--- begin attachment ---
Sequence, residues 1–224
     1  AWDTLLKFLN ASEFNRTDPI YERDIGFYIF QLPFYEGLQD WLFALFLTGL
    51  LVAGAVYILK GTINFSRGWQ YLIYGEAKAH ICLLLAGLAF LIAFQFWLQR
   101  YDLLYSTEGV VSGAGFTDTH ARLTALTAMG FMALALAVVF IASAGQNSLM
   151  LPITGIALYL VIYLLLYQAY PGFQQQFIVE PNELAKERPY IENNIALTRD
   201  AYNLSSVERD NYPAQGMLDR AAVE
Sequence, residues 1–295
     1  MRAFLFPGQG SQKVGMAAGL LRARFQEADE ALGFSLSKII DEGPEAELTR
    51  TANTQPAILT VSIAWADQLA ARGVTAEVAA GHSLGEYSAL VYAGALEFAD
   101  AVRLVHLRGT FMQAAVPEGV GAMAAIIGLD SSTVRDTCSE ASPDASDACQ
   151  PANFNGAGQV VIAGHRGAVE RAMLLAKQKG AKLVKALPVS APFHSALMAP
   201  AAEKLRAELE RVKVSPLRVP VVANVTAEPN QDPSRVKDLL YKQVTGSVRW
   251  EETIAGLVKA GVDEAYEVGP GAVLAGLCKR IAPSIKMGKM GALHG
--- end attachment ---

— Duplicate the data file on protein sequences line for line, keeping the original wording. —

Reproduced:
Sequence, residues 1–224
     1  AWDTLLKFLN ASEFNRTDPI YERDIGFYIF QLPFYEGLQD WLFALFLTGL
    51  LVAGAVYILK GTINFSRGWQ YLIYGEAKAH ICLLLAGLAF LIAFQFWLQR
   101  YDLLYSTEGV VSGAGFTDTH ARLTALTAMG FMALALAVVF IASAGQNSLM
   151  LPITGIALYL VIYLLLYQAY PGFQQQFIVE PNELAKERPY IENNIALTRD
   201  AYNLSSVERD NYPAQGMLDR AAVE
Sequence, residues 1–295
     1  MRAFLFPGQG SQKVGMAAGL LRARFQEADE ALGFSLSKII DEGPEAELTR
    51  TANTQPAILT VSIAWADQLA ARGVTAEVAA GHSLGEYSAL VYAGALEFAD
   101  AVRLVHLRGT FMQAAVPEGV GAMAAIIGLD SSTVRDTCSE ASPDASDACQ
   151  PANFNGAGQV VIAGHRGAVE RAMLLAKQKG AKLVKALPVS APFHSALMAP
   201  AAEKLRAELE RVKVSPLRVP VVANVTAEPN QDPSRVKDLL YKQVTGSVRW
   251  EETIAGLVKA GVDEAYEVGP GAVLAGLCKR IAPSIKMGKM GALHG